I got sucked into watching Globe Trekker last night. This is not unusual. I get sucked into watching a lot of things on TV, especially shows on PBS, because I'm 80 and very susceptible to commercial free shows. Because I have big dreams of acquiring a Wealthy Benefactor who will finance my three year trip around the word you would think that travel shows would do it for me. And they do, except that sometimes Globe Trekker has the opposite affect. Sometimes they go to places that completely turn me off to traveling. Places like the Vast Barren Desert of Egypt - Home of Sand, Sand, and More Sand. With a Side of Sand. And Some Scenic Views of Piles of Sand. The host, Megan, started out in Cairo, which seems amazing. Cairo - I want to go to. Cairo in January. But Cairo is a very small part of Egypt. The rest of the place looks like the bottom of my feet after a week of beach camping. I found this out because Megan left Cairo for a five day jeep ride through the uninhabitable desert on her way down to Luxor. Great Gravy! Five days through the desert in a jeep that did not appear to have air conditioning on unpaved roads. Driving and driving and driving. And then more driving. And then stopping to dump the sand out of your ears and then back in the jeep for more driving. Um, could someone please pass me some water, I'm feeling a little parched? And possibly one of those hemorrhoid donuts. And a shotgun.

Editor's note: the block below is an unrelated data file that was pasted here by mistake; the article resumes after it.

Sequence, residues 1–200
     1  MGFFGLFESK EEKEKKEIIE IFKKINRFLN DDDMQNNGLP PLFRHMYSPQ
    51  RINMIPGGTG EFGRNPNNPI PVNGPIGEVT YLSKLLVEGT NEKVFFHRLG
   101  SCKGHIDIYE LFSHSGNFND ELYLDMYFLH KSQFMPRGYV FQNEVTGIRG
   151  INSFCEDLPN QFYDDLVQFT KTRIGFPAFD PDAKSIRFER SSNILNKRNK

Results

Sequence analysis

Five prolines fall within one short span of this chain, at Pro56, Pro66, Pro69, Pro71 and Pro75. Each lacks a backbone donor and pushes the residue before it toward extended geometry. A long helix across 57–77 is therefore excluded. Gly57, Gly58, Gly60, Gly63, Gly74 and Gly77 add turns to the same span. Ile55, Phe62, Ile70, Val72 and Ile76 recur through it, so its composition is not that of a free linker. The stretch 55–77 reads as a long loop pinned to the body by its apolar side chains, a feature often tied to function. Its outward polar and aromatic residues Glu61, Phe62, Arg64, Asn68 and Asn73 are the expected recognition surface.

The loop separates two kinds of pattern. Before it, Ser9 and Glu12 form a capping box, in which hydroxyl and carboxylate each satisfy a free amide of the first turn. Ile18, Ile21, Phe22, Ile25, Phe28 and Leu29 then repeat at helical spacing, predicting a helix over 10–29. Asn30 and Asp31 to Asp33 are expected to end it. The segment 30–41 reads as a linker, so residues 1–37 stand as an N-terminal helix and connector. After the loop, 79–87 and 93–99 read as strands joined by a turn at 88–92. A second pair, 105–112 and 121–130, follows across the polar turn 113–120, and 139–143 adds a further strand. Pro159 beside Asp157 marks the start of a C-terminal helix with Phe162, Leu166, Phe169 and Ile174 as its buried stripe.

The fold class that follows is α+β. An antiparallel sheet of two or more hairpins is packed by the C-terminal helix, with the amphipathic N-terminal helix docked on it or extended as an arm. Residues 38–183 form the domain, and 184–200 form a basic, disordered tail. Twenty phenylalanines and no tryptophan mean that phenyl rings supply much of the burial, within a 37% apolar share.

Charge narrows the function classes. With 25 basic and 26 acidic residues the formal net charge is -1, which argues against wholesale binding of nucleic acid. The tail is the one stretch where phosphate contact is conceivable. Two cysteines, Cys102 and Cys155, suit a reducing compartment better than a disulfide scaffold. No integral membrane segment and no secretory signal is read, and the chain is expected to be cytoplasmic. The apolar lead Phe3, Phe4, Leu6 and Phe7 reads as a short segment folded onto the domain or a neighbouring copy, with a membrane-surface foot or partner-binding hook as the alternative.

My theory about desert driving is this: roads in deserts aren't actually roads but treadmills and the scenery you're seeing isn't real. It's a projected loop of desert scenery shown on giant movie screens to give you the illusion that you're driving through the desert but in reality you're not going anywhere. You're stuck in the desert forever. You're going to die there and jackals will come and eat your face.
At the beginning of the trek Megan visited an Australian Coptic hermit who lived in the desert mountains of Some Egyptian Place That Wasn't Cairo who said that the reason why he chose that life was because he had a vision after his mother died that told him to. But I actually think he stayed there because he couldn't bear the thought of driving through the desert anymore. That 20 years in a cave was better than 5 days of sand in your mouth.
Seriously, what does it take to get some water around here?